Your business is growing–fast. How do you make it strong enough to last?
They don’t call it “launching” a business for nothing: the early days of a company really are like a rocket launch, with roughly 80 percent of the fuel burned simply to get the rocket into orbit. After that, it will create its own trajectory and travel…who knows how far?
To get from launch to limitless trajectory, entrepreneurs need to make the right moves to ensure that the business can scale at a sustainable pace, says Jim Canfield, CEO of Renaissance Executive Forums, a La Jolla, California-based membership organization for small to mid-sized businesses, focused on helping them grow. “That early stage is like the lift-off of the rocket. It’s going to be violent. It’s going to be loud. It’s going to be intense. The key is to get through it and create a successful orbit,” he says.
But when you’re a time-strapped business owner who is racing to keep pace with fast growth, it can be difficult to know the right actions to take to ensure your business can adapt to the new demands placed on it. By taking six important actions, you can identify areas that need attention and ensure that your business is ready to grow.
Look for bottlenecks
As your business grows, look for areas where things aren’t running smoothly or are delayed. Bottlenecks are often a clue that something needs to be addressed, says Atlanta business consultant Tiffany C. Wright, founder of The Resourceful CEO™ and author of The Funding Is Out There! Access the Cash You Need to Impact Your Business. You may need more employees, better systems, outsourcing partners, automation or other solutions to support growth and keep operations running well, she says.
Hire for the company you want to have
All too often, startups tap friends and family members to fill key positions in the company, Canfield says. However, as your company grows, you’re going to need people who have specific expertise in management, operations, human resources, sales and other areas. As you being to add people, hire them based on what they can contribute to the company’s long-term growth. After all, you don’t want to outgrow the skill set of your new hire in a year or two and have to look for someone else to fill the job.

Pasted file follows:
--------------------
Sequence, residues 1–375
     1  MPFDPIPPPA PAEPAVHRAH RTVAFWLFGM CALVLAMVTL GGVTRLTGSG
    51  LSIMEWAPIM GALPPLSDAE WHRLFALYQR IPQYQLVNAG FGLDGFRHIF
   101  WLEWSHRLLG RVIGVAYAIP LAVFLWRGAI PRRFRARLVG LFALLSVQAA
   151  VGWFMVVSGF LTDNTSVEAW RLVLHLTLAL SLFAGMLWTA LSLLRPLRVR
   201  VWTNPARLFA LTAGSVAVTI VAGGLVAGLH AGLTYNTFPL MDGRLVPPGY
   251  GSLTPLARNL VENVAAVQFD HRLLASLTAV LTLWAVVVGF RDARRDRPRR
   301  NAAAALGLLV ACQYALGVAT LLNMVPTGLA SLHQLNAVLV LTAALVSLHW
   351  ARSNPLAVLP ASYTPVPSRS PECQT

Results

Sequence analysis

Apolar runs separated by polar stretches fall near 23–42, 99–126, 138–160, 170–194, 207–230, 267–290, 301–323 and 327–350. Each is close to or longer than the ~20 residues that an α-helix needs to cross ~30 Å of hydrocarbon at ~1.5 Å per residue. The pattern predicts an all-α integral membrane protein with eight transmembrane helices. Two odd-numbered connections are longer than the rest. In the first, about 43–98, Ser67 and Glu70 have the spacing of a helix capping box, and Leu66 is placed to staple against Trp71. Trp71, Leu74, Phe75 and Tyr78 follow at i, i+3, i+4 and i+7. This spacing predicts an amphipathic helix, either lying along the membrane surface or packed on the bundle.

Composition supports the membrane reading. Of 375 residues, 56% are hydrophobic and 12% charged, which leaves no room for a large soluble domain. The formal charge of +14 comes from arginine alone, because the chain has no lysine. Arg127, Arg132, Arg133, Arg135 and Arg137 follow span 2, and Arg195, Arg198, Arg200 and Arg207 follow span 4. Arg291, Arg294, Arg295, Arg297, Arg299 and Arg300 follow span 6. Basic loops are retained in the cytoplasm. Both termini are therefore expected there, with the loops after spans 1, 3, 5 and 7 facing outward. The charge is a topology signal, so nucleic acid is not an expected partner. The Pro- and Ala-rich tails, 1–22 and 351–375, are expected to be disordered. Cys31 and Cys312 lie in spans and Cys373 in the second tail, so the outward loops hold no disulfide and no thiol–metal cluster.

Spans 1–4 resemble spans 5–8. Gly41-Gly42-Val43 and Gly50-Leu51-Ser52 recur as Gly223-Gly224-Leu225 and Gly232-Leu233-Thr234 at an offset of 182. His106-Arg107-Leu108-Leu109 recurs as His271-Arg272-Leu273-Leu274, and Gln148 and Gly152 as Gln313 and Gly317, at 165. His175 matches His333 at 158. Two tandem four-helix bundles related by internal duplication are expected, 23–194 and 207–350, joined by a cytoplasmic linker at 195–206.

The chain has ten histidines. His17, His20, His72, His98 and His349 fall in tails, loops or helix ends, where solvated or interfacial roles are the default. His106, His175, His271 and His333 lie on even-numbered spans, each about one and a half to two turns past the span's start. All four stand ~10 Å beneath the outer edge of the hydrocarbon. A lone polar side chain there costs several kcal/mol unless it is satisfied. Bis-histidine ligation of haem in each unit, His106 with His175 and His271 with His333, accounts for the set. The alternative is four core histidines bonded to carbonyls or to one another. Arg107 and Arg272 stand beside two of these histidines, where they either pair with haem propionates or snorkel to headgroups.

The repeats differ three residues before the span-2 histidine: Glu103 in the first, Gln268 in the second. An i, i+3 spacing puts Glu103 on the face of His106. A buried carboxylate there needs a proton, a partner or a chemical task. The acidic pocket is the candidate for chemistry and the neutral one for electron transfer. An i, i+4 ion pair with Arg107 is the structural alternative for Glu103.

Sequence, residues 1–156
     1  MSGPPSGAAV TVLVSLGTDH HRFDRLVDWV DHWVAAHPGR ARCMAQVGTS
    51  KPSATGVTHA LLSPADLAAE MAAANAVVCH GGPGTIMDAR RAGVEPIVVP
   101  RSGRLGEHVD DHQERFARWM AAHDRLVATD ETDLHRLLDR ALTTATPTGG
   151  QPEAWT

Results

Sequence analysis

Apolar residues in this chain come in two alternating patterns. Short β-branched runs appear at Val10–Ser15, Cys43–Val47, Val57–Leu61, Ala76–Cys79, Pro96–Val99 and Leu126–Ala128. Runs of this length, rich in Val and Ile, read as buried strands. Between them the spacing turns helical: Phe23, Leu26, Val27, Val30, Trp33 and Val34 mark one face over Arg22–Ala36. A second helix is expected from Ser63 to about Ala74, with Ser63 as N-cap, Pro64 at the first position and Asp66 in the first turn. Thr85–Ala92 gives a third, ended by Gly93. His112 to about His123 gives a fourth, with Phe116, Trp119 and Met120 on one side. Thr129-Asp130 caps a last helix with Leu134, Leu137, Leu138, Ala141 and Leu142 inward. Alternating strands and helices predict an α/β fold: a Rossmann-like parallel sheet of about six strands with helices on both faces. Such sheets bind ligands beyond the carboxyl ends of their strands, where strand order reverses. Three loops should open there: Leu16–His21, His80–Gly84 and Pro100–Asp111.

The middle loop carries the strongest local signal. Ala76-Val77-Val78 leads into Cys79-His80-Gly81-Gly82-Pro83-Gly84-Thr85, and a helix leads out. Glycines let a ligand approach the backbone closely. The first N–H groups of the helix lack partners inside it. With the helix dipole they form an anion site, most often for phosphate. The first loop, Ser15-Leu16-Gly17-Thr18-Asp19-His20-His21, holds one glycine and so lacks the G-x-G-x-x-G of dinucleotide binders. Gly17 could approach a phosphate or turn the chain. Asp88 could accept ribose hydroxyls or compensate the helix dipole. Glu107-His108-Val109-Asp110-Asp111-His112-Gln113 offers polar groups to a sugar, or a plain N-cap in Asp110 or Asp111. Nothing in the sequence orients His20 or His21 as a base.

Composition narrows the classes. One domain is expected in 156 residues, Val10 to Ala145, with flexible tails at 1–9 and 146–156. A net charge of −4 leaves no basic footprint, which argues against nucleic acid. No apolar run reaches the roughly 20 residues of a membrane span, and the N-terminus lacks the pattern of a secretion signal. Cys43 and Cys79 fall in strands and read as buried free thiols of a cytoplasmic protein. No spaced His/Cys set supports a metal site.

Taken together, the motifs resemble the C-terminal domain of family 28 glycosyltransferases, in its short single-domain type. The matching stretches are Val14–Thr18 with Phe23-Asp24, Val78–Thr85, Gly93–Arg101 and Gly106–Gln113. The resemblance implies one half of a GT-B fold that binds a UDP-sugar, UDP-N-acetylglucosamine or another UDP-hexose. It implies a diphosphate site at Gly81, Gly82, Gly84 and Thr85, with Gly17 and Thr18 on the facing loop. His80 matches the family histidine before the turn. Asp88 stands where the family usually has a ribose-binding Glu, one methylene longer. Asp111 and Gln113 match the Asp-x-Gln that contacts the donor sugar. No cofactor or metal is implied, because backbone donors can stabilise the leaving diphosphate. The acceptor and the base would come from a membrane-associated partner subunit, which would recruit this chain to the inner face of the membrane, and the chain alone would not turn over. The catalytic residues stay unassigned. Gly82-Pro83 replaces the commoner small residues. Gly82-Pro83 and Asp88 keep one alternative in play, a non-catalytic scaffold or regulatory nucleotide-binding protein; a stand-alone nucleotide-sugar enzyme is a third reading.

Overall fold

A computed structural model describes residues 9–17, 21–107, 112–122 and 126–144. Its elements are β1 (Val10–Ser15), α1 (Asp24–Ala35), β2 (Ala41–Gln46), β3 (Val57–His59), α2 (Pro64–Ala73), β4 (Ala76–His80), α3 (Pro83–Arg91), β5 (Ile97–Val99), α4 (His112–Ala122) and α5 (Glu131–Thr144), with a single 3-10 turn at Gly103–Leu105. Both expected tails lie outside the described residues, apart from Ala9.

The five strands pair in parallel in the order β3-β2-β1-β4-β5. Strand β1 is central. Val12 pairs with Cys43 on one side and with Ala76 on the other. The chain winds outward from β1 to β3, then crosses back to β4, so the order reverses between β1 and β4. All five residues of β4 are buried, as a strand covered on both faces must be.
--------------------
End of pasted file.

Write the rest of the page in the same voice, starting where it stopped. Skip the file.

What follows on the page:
Ask for feedback
Collect as much input as you can from customers to gain insights into their changing needs, so you can anticipate how your business will need to change next, she says. Similarly, you may need to move your operations to a space where your company can grow or redistribute responsibilities across personnel. If you’re staying informed and looking at the immediate and long-term needs of your business, you will be able to anticipate important changes and prepare to make them, Wright says.
Embrace necessary change
Growing well requires change. Although it sounds counterintuitive, the very business model, products and services that led to your company’s fast growth may need to change as the organization grows, Wright says. You may need to reduce the number of products you offer to focus on those that sell best. Alternatively, you may need to look at line extensions that break into markets your company hasn’t served before or providing new services to keep up with market demands. Being resistant to change could make you miss important opportunities, she says.
Eventually, that Excel spreadsheet you use to track customers is going to be unwieldy, and manually creating financial reports isn’t going to cut it. Systems like customer relationship management, order management, time tracking, and financial reporting systems and protocols, Wright says. Using platforms to automate routine tasks, capture information, and prevent duplication of effort increase efficiency and ensure that everyone has access to the best information.
Build it as if you’re going to sell it
While business owners often don’t like to think about their exits, succession planning is a great way to check scalability, Canfield says. When you examine the strengths and weaknesses of your business as if you’re going to sell it, growth issues soon become clear. If the business can’t function without you at the helm, it’s time to groom more candidates for management roles. If there are problems in the company’s financials or operations, looking at the company as if you’re preparing for exit will shine a spotlight on what needs to be improved. That’s important if you want to attract investors, allow employee buy-in, or simply want to have more free time eventually.
“Most of the business owners we hear from want more of their time back, and this is a way to get that,” he says.
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